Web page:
For a layman, national security means protecting a country from foreign invaders using the military force. However, national security by definition means protecting the interests and well-being of all the people living within the geographical boundaries of a country. Thus, a comprehensive national security, apart from military, also includes economic, food, water, health, environmental security and so on. The climate change poses a serious challenge to all these non-military dimensions of national security in Pakistan.
The economy of any country is directly linked to its national security in three ways: First, it provides adequate budget to the military for better performance. Second, it improves the lifestyle of people. Consequently, they remain loyal to their country during hard time. Final, it enables any country to achieve its foreign policy objectives. As Edward Luttwak, a security consultant, argued that in post-Cold War, the strength of any country will be determined not by its military but by its economic position.
Climate change carries catastrophic consequences for the economy of Pakistan because it is an agricultural country and relies on this sector economically. Agriculture contributes 18.5 per cent to country’s Gross Domestic Product (GDP), employs 38.5 per cent people to national labour force and is total 70 per cent of the export. Extreme weather events such as floods, droughts and changes in rainfall patterns can negatively affect the agriculture yield contributing to the overall loss to the economy.
Besides, the ecological disasters like flood of 2010 have potential to collapse the country completely by causing a huge damage to its economy. For instance, the flood of 2010, inundated one-fifth of total land, displaced 20 million people and caused an estimated $43 billion total damage to infrastructure. Anatol Lieven writes in his book, “Pakistan A Hard Country” “what is certainly true is that if floods and other ecological disasters on this scale become regular events as a result of climate change, then Pakistan will be destroyed as a state and an organized society.” Thus, climate change can collapse Pakistan and compromise its economic dimension of national security.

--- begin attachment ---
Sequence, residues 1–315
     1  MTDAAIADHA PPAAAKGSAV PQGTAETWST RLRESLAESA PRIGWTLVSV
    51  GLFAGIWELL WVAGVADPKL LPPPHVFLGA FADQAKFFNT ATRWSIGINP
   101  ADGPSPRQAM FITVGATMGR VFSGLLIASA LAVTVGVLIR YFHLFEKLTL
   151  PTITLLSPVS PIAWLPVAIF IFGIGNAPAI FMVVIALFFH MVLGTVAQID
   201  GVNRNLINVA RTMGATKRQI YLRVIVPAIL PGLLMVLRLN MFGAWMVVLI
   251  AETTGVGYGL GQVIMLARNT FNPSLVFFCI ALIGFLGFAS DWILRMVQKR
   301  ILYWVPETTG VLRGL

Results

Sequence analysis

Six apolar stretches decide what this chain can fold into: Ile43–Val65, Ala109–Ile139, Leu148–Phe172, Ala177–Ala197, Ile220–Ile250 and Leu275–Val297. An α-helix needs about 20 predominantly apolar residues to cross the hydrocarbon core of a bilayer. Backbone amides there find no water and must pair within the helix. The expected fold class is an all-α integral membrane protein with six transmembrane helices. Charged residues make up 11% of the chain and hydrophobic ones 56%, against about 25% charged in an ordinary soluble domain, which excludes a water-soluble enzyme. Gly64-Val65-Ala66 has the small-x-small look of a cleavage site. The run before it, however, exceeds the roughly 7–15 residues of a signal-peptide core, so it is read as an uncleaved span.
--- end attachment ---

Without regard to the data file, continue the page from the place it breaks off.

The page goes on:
Once these glaciers are melted, the river will be dried up converting Pakistan into a semi desert. Afterward, the country would not be able to sustain around 207 million population. Under this scenario, people will start kill one another like a wild beast for survival.
Climate change also poses a serious threat to the food security of Pakistan. Irregular rainfall, drought, floods and storms can decrease agriculture yield in the country. For instance, Pakistan witnessed less than an expected cotton yield last year. It was because of irregular rainfall that took place during harvest time of the crop. As a result, cotton yield witnessed a downward trajectory. Undoubtedly, it was a cash crop, but similar events can occur against the food crop. For example, very recently, the heavy rainfall with hailstorms in some part of the country damaged the wheat crop. In southern Sindh, the strong winds have caused the similar destruction. These events are caused by climate change and may create extreme food crisis in future for the huge population of Pakistan.
Climate change contributes to the water crisis affecting the water security of the country as well. Pakistan receives an average of 240mm rainfall annually. According to this calculation, it comes in the category of semi-desert region. The existing agriculture of Pakistan is because of Indus River. Its reliance on a single river system makes its water security highly risky. Indus river of Pakistan receives its major share of water from melting of glaciers. These glaciers are melting at a very fast pace owing to the climate change. Once these glaciers are melted, the river will be dried up converting Pakistan into a semi desert. Afterward, the country would not be able to sustain around 207 million population. Under this scenario, people will start kill one another like a wild beast for survival.
According to WHO, between 2030 and 2050, climate change is expected to cause approximately 250 000 additional deaths per year, from malnutrition, malaria, diarrhea and heat stress. In 2015 alone, around 2000 people died from heat stroke and dehydration in Pakistan. Most of the children in Thar face malnutrition because of drought. Every year, about 1500 children die in Thar due of inadequate nutrition in their diet and improper treatment. Besides, Floods will contaminate freshwater supplies, heighten the risk of water-borne diseases, and create breeding grounds for disease-carrying insects such as mosquitoes. As a result, the diseases like malaria and diarrhea will spread adversary affecting the health security of Pakistan.
Protecting the country and its people from environmental threats like global warming, melting of glaciers, rise of sea level, droughts, irregular rainfall among others also comes under the wider dimension of national security. The Global Climate Risk Index has placed Pakistan on the fifth spot on the list of countries most vulnerable to climate change in its annual report for 2020. According to the report, Pakistan lost 9,989 lives, suffered economic losses worth $3.8 billion and witnessed 152 extreme weather events from 1999 to 2018. The report was released by the think-tank Germanwatch. Since these ecological threats adversely affect poor farmers who are engaged in agriculture, the government needs to protect its citizens by actively engaging in global discussion to get carbon concentration in the atmosphere reduced.
Thus, climate change negatively affects the economic, food, water, health and environmental security of Pakistan. There is an urgent need for taking some measures to protect the interest and well-being of people from these impacts of climate change.